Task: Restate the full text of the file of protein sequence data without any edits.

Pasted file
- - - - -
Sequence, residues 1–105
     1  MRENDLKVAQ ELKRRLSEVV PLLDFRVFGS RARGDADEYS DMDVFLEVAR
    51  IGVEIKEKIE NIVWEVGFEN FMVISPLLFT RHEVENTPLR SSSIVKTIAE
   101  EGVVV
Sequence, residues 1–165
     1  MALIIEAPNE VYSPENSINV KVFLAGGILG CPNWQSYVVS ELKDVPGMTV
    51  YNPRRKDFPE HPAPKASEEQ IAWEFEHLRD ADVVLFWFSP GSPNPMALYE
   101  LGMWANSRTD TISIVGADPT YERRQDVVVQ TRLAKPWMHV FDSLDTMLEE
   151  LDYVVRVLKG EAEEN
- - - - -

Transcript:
Sequence, residues 1–105
     1  MRENDLKVAQ ELKRRLSEVV PLLDFRVFGS RARGDADEYS DMDVFLEVAR
    51  IGVEIKEKIE NIVWEVGFEN FMVISPLLFT RHEVENTPLR SSSIVKTIAE
   101  EGVVV
Sequence, residues 1–165
     1  MALIIEAPNE VYSPENSINV KVFLAGGILG CPNWQSYVVS ELKDVPGMTV
    51  YNPRRKDFPE HPAPKASEEQ IAWEFEHLRD ADVVLFWFSP GSPNPMALYE
   101  LGMWANSRTD TISIVGADPT YERRQDVVVQ TRLAKPWMHV FDSLDTMLEE
   151  LDYVVRVLKG EAEEN